Private Fred Talbot, 25234, King's Own Yorkshire Light Infantry, 10th Battalion
Fred Talbot was the Son of Luther and Mary Talbot, of 5, King's Yard, Healey, Ossett; husband of Annie Elizabeth Talbot, of 6, Low Mill Rd., Healey, Ossett, Yorks. In 1911, Fred Talbot was unmarried and still living with his parents at home with two sisters, a brother and a boarder; a total of seven persons, in a house with just two rooms.
Private Fred Talbot of the 10th Battalion, King's Own Yorkshire Light Infantry was killed on the 25th of September 1916 whilst fighting in Picardy during the Battle of the Somme. He was 23 years of age and married, leaving a widow and two young children. In civilian life he was employed as a mill-hand having worked at Messrs Fawcett and Firth's (Ltd) factory at Healey, where his father Mr. Luther Talbot, has been employed for many years.1
10th (Service) Battalion, KOYLI was formed at Pontefract in September 1914 as part of K3 and came under command of 64th Brigade in 21st Division. The Battalion moved to Berkhamsted and then to Halton Park (Tring) in October 1914, going on to billets in Maidenhead in November. They returned to Halton Park in April 1915 and went on to Witley in August. In September 1915, they landed in France. on the 13th February 1918 the battalion was disbanded in France, with at least some of the men going to 20th Entrenching Battalion.
The deceased used to be actively associated with Healey Celtic Football Club and other recreative organisations in the borough. Joining the colours in August 1915, he had seven months training, before going to the front in March 1916, and though he has always been in the thick of the fighting, he always wrote home in a cheery, thoughtful strain. In his last letter, written from the trenches, he spoke of having a very rough time recently, though he said it did not shake his confidence in the belief that he would see the war to a finish.
Towards the end of last week, the Rev. A. L. Burnham, vicar of South Ossett, received a letter from a comrade of the deceased, who said that he felt it his duty to state that, with many more of his comrades, Private Talbot had given his life for King and country. The writer added that he knew the deceased in civil life and that he was "one of the best."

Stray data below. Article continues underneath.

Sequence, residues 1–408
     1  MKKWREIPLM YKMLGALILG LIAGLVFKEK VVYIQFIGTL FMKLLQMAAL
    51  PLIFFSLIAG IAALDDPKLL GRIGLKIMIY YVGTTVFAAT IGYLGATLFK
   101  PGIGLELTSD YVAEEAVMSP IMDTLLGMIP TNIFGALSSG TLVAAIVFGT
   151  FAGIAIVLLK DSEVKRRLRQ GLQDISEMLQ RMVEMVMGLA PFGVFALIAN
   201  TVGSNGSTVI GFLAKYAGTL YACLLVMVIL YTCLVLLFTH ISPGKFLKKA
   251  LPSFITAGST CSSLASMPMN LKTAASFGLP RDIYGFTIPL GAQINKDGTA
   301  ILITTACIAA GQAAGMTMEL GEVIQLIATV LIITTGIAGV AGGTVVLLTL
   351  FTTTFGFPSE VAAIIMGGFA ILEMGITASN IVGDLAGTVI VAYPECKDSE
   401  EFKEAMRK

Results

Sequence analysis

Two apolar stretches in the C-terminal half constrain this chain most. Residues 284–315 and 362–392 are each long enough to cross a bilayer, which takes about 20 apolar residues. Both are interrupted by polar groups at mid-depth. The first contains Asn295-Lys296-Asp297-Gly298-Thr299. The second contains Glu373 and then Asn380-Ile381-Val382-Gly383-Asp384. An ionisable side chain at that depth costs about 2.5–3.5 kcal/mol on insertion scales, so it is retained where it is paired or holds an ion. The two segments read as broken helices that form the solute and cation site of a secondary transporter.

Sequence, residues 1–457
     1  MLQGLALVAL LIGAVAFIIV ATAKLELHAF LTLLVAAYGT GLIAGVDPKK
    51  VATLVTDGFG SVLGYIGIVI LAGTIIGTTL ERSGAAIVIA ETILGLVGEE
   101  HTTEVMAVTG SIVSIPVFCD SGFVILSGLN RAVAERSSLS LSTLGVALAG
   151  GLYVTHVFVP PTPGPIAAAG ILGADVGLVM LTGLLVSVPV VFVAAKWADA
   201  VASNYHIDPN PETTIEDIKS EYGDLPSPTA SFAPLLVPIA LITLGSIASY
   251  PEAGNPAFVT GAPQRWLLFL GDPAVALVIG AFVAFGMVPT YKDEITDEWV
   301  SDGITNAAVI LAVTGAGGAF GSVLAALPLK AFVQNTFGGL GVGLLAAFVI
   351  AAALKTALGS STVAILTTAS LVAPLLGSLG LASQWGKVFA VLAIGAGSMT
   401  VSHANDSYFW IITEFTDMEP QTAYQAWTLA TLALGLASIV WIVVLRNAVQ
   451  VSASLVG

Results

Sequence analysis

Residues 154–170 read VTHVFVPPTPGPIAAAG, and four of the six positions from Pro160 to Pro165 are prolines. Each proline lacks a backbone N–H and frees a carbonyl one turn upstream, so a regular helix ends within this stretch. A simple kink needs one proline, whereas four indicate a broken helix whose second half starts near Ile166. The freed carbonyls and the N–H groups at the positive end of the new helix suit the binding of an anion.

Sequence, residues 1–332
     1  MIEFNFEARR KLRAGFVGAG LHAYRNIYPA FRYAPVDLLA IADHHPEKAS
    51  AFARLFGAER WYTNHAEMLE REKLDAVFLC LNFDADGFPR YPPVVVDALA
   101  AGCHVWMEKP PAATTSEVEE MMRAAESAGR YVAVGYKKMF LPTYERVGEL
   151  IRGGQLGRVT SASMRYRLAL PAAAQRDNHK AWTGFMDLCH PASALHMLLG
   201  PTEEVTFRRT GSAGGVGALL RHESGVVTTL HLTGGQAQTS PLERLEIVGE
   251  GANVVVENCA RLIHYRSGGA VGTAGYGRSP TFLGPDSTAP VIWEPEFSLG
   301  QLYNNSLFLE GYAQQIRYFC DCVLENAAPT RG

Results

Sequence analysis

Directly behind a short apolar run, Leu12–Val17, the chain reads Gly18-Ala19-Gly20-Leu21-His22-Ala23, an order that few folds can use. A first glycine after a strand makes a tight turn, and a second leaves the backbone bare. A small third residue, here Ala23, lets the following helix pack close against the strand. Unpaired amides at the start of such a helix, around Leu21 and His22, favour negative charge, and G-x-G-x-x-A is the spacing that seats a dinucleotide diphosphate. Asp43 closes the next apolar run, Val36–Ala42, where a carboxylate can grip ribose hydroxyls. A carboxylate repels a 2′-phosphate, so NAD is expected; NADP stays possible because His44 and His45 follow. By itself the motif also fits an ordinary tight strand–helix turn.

Private Fred Talbot is remembered on the Thiepval Memorial,2 Pier and Face 11 C and 12 A. The Thiepval Memorial, the Memorial to the Missing of the Somme, bears the names of more than 72,000 officers and men of the United Kingdom and South African forces who died in the Somme sector before 20 March 1918 and have no known grave. Over 90% of those commemorated died between July and November 1916.
On 1 July 1916, supported by a French attack to the south, thirteen divisions of Commonwealth forces launched an offensive on a line from north of Gommecourt to Maricourt. Despite a preliminary bombardment lasting seven days, the German defences were barely touched and the attack met unexpectedly fierce resistance. Losses were catastrophic and with only minimal advances on the southern flank, the initial attack was a failure. In the following weeks, huge resources of manpower and equipment were deployed in an attempt to exploit the modest successes of the first day. However, the German Army resisted tenaciously and repeated attacks and counter attacks meant a major battle for every village, copse and farmhouse gained. At the end of September, Thiepval was finally captured. The village had been an original objective of 1 July. Attacks north and east continued throughout October and into November in increasingly difficult weather conditions. The Battle of the Somme finally ended on 18 November with the onset of winter.
Above: Healey Celtic Football Club, Ossett circa 1911. Fred Talbot is on the back row, fourth from the left.
1. "Ossett Observer", 30th September1916